Teaching Today's Students, Tips on Teaching

Striking a Balance in Scholarship and Teaching

by Robert Cole, Instructional Developer, Reinert Center

Upon entering academia, we are very aware that scholarship and research are emphasized on the path to success. Kehrer and Svenson (2012) state that “At its core, a university is a community of scholars, scholarship should permeate every… college and school”. However, now more than ever, universities are beginning to expect good researchers to be good teachers as well. Finding this balance between scholarship and teaching and including other expectations such as service and time for yourself and family is a difficult task for some.

Creating and adhering to an explicit plan for meeting your teaching and research goals are at the heart of creating the balance between these and other interests. Rockquemore (2017) suggests creating a plan in which you categorize time by research, teaching, service and me time (Vicens and Bourne 2009). Vicens and Bourne (2009) assert that an unfulfilling personal life is incompatible with successful teaching and research careers.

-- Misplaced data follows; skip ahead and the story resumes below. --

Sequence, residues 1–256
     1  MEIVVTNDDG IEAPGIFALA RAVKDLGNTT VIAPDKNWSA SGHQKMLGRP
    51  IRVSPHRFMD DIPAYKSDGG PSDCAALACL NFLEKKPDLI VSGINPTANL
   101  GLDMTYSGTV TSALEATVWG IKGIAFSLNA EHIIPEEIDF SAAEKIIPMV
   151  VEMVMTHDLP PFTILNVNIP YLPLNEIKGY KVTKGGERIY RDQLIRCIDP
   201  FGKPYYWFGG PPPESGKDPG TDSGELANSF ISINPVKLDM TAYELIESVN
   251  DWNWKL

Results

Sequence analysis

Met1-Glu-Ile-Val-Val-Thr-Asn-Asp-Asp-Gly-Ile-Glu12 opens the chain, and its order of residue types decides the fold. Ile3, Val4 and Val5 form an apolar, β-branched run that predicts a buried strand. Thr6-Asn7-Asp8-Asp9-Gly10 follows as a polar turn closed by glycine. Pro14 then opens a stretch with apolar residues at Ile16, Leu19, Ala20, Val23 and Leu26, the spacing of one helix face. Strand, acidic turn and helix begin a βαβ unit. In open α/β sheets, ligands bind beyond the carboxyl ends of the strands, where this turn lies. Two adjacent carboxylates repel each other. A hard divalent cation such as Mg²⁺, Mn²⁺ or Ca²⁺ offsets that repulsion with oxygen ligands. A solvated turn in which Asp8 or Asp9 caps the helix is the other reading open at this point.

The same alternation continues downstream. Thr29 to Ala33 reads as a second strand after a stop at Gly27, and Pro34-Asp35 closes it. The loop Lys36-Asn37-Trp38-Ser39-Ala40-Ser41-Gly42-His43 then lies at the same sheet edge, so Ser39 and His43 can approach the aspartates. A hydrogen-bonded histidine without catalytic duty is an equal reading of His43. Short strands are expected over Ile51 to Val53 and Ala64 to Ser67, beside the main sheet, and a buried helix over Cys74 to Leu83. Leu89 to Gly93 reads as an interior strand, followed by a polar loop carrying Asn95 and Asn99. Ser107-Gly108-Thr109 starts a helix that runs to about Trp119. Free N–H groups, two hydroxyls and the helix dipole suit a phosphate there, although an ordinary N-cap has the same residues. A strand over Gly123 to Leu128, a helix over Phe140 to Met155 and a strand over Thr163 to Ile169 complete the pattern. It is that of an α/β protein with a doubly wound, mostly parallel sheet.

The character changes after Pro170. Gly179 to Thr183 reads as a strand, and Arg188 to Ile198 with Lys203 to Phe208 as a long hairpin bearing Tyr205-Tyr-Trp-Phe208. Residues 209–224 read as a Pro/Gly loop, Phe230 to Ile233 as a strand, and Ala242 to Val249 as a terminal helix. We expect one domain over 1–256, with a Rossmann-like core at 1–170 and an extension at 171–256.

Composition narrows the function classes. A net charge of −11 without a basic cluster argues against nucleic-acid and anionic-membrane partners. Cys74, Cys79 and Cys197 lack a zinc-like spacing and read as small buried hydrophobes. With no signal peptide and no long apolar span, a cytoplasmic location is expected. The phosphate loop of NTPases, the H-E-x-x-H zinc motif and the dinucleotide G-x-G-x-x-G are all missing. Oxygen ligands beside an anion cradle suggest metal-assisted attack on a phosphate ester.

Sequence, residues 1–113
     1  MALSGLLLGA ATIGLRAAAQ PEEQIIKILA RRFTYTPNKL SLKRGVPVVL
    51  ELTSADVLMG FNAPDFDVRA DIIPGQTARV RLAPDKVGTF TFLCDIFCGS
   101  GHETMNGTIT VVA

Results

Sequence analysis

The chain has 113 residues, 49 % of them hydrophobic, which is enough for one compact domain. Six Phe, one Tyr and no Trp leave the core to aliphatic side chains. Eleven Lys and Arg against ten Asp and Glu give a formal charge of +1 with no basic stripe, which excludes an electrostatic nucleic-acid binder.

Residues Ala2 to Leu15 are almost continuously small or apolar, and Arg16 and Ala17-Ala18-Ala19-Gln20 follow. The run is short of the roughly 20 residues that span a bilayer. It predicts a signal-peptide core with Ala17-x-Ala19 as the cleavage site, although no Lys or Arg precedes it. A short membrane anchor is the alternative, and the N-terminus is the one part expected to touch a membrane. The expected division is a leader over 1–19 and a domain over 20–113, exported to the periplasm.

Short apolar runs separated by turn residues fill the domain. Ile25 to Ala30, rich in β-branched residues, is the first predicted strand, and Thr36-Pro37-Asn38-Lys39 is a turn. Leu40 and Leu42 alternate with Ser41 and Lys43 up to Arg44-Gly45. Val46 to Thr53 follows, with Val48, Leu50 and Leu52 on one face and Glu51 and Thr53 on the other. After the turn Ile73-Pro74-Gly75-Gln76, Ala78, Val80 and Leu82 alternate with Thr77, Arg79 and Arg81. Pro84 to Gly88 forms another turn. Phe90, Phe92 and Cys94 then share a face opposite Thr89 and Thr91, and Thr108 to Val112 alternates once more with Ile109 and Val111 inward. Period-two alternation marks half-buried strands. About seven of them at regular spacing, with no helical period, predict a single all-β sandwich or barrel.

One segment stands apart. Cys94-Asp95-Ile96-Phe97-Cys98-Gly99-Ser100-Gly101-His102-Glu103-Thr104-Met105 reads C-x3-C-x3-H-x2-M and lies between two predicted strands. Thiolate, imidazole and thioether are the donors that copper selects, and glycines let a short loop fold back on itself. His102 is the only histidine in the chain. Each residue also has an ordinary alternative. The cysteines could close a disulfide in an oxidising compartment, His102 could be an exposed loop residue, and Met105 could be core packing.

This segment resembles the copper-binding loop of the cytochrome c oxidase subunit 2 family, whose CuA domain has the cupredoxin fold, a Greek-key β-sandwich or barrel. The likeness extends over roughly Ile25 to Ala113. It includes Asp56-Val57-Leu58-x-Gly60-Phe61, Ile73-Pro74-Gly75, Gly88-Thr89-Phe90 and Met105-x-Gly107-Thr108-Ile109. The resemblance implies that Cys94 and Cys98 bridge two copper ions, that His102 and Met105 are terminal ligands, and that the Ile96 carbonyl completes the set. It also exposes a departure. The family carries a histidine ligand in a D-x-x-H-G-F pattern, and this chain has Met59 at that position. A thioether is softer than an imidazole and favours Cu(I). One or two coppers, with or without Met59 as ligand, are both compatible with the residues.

Begin by creating a calendar on which you block out times for both teaching and research, long-term goals first then short-term goals leading you to achieve the long-term goals. As you’re drafting your proposal, think about the time frame for the various steps from completing the proposal you are working on to submitting the final work for publication. In addition, think about your current teaching schedule and potential teaching schedule for future semesters. Keep in mind the parts of teaching such as planning, grading, communicating with students and attending office hours that would require blocks of time and goal setting as well.  As they become clearer, make goals as specific as possible to create both a realistic picture of the work ahead and to ensure each area is being adequately addressed. In addition to long- and short-term goals for teaching and research, add time blocks for service and time for you; the me time alluded to by Vicens and Bourne (2009).

Vicens and Bourne (2009) offer other considerations that may be helpful in achieving your goals.

If possible, begin teaching early in your career. An increasing number of universities are developing programs to offer teaching experience to graduate students and post-docs.

Once you are teaching, consider bringing your research interests into your teaching. Many students are interested in how what you teach relates to the world around them. Moreover, integrating your research and teaching may make one or both more palatable to you. In addition, talking about your research while teaching may serve as a recruiting tool, encouraging students to think about a line of research they hadn’t thought about before. It may even provide inroads to taking on student researchers aiding in your goal attainment and allowing you to spend time on other issues.